A common problem which occurs with knee orthoses, is distal slippage during function. To provide additional resistance against slipping, the adjustable suspension pad in the medial femoral supracondylar region is incorporated (Fig. 3A ). This particular pad is made from a copolymer plastic, an adjustable screw, and foam. The amount of pressure from the medial femoral pad can be varied by turning the adjustment screw clockwise for more pressure or counterclockwise for less pressure depending upon the clinical situation. For example, given a patient with associated muscle atrophy, weight or volume loss, or muscle hypertrophy, the depth of the pad can be adjusted accordingly. Fig. 3B and Fig. 3C show the medial femoral suspension pad securely attached to the inner surface of the medial orthotic joint sidebar. To insure that the medial femoral pad is securely placed against the femur, two straps, of which the origin is on the outer surface of the medial femoral pad, encircle the thigh anteriorly and posteriorly reattach laterally over the broad plastic of the proximal interface (Fig. 3D and Fig. 3E ). Tightening this strap pulls the thigh (medial femoral supracondylar region) against the medial femoral suspension pad (Fig. 3E ). The forces generated by this pad and strap assure fixation of the orthosis to the patient leg.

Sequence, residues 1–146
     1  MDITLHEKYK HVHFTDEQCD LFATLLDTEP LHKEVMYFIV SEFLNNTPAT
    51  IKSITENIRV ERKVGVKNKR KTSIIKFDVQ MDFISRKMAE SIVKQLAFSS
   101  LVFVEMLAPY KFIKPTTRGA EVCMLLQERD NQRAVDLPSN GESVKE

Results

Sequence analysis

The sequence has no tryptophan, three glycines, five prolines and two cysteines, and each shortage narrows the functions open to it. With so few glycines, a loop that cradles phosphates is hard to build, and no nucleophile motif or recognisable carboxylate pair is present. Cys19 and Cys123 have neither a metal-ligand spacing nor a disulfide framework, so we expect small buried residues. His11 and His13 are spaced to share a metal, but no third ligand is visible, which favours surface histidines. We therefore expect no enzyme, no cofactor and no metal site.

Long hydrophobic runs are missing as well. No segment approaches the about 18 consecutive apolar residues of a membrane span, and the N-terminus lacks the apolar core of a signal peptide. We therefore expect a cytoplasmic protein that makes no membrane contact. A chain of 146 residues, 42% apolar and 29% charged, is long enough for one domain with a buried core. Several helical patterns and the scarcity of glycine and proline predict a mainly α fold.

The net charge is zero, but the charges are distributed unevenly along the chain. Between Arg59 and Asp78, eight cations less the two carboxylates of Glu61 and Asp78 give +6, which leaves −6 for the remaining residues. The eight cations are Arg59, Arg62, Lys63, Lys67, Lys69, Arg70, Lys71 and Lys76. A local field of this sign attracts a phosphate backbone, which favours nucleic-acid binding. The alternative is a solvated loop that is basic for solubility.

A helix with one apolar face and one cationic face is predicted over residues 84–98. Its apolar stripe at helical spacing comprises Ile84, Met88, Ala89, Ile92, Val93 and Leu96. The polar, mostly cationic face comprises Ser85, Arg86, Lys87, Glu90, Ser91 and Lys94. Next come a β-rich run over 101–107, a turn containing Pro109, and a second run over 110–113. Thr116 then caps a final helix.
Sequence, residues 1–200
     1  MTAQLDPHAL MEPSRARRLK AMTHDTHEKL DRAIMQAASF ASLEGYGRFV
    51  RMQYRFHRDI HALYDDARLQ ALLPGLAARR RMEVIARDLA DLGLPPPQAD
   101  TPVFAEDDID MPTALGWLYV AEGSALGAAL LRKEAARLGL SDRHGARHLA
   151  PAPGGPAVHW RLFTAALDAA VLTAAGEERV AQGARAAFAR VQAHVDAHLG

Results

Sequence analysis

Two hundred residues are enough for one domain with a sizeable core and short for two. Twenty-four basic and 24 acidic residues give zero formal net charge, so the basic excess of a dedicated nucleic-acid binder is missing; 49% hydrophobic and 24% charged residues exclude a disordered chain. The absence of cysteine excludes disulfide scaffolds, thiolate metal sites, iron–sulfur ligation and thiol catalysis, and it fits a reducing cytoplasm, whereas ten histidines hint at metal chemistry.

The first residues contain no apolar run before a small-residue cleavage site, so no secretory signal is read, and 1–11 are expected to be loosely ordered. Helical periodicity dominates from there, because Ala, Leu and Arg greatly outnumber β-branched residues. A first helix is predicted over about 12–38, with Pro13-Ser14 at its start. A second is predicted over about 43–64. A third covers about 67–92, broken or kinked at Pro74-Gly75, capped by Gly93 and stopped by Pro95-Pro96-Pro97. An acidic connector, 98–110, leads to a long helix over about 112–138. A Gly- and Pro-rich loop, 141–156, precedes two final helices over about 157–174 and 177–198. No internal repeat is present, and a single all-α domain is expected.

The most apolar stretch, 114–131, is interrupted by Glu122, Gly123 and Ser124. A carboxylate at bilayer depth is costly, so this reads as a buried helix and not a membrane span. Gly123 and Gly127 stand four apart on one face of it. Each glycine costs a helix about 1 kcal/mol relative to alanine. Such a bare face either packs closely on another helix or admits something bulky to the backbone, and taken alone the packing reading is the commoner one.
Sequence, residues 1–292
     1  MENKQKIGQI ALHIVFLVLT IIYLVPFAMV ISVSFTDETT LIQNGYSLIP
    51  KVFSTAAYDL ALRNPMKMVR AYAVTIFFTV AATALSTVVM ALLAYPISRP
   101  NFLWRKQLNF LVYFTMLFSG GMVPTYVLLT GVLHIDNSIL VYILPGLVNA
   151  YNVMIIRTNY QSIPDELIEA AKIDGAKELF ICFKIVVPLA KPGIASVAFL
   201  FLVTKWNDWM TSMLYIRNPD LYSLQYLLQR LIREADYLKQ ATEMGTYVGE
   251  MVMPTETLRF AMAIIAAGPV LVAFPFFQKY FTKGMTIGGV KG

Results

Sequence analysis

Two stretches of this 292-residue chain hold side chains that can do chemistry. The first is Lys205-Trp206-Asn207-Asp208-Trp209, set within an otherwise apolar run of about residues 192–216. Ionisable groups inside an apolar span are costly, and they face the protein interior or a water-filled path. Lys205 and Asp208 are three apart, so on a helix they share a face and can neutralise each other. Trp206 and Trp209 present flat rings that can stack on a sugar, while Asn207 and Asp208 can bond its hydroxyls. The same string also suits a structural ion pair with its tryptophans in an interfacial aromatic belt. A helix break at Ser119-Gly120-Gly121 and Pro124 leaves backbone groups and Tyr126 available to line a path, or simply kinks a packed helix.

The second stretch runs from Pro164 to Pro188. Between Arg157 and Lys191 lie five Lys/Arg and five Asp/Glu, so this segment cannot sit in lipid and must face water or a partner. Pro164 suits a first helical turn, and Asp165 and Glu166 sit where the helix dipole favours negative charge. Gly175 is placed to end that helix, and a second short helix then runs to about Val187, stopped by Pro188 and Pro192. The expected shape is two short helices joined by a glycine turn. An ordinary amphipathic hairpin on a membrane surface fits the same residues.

Proximal and Distal Interface Components

Proximal and distal interface components have been designed based on the following criteria. They are:

  •  rigid and strong enough to withstand repeated functional loads, or correct and hold a deformity;

  •  lightweight;

  •  unobtrusive and cosmetically acceptable;

  •  comfortable; and

  •  can be modified to generate different combinations of four-point suspension forces.

The proximal and distal interface components of the NuKO derotational knee orthosis are manufactured from a copolymer, with a composition of 10% polyethylene and 90% polypropylene. This material is also used in the automotive industry for such applications as fenders and rocker panels. For the orthosis, this material is lightweight and has high impact resistance. A completed orthosis using this copolymer weighs approximately one pound.